Dementia, Volume 23, Issue 4, Page 550-566, May 2024. BackgroundPeople with dementia and unpaid carers need to go through a social care or carers needs assessment to access and receive subsidised or fully-funded social care. With no previous evidence, this qualitative study aimed to provide insights into the access to, experiences of receiving and conducting social care or carers needs assessments, and access to social care.MethodsUnpaid carers of people with dementia and professionals conducting social care or carers needs assessment living or working in England were interviewed remotely about their experiences between April and August 2023. Topic guides were co-produced with two unpaid carers, and both were supported to code anonymised transcripts. Thematic analysis was used to analyse the data.FindingsTwenty-seven unpaid carers (n = 21) and professionals (n = 6) participated. Four themes were generated: (1) Issues with accessing needs assessments, not the process; (2) Knowledge of needs assessments and the health and social care system; (3) Expectations of unpaid carers; and (4) Post-assessment unmet needs. The most prominent barriers unpaid carers and their relatives with dementia encountered were awareness of and access to needs assessment. Unpaid carers were mostly unaware of the existence and entitlement to a needs assessment, and sometimes realised they had participated in one without their knowledge. Professionals described the pressures on their time and the lack of financial resources within services.ConclusionsTo facilitate improved access to dementia care and support for carers, the pathway to accessing needs assessments needs to be clearer, with better integration and communication between health and social care.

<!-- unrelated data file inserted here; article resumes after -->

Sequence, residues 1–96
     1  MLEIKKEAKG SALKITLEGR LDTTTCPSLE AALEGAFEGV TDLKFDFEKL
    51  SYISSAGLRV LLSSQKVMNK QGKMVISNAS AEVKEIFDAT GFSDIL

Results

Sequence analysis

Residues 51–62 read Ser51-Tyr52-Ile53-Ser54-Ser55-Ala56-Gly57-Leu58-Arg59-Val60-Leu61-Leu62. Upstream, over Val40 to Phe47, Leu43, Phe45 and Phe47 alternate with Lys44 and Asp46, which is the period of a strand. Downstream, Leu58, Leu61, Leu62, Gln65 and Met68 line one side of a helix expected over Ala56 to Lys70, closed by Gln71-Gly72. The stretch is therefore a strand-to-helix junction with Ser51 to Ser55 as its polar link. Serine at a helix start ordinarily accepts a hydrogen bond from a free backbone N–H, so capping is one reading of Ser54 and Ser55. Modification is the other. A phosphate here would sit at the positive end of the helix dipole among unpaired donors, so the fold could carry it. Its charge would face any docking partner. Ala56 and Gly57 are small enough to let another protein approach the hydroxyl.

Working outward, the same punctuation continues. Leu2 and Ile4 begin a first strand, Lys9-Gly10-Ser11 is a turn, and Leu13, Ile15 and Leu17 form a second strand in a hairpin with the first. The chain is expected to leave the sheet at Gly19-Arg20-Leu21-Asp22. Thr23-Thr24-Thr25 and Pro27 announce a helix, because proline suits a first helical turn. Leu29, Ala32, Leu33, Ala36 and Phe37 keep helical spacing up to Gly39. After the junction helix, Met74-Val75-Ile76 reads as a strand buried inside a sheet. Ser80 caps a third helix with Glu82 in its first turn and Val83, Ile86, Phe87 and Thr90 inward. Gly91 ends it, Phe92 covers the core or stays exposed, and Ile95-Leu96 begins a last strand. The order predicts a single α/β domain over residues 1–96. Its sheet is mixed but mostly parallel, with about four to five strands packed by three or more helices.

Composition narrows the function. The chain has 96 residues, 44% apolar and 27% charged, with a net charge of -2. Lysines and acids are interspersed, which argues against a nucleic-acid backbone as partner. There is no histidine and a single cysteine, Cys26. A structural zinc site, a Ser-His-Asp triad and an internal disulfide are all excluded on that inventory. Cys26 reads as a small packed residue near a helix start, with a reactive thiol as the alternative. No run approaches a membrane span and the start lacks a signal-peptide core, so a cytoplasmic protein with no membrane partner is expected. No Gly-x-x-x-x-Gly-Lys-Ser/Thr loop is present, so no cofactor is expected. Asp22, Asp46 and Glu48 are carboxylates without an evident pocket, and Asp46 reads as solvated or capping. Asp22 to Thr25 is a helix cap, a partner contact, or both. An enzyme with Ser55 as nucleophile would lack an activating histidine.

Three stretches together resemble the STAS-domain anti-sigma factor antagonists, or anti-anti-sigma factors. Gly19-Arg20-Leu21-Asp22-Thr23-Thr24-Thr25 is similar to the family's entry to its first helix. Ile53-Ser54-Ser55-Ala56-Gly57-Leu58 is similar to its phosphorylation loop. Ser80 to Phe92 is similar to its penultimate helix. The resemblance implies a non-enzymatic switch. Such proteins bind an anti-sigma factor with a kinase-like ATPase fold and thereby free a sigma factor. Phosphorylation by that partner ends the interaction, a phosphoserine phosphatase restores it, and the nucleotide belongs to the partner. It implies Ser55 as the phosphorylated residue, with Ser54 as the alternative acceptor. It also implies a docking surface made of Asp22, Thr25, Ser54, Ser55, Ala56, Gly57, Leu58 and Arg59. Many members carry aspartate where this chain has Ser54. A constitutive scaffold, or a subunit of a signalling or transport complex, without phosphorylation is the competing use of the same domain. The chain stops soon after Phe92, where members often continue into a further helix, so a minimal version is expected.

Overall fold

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This post is Copyright: Clarissa Giebel | March 2, 2024
SAGE Publications: Dementia: Table of Contents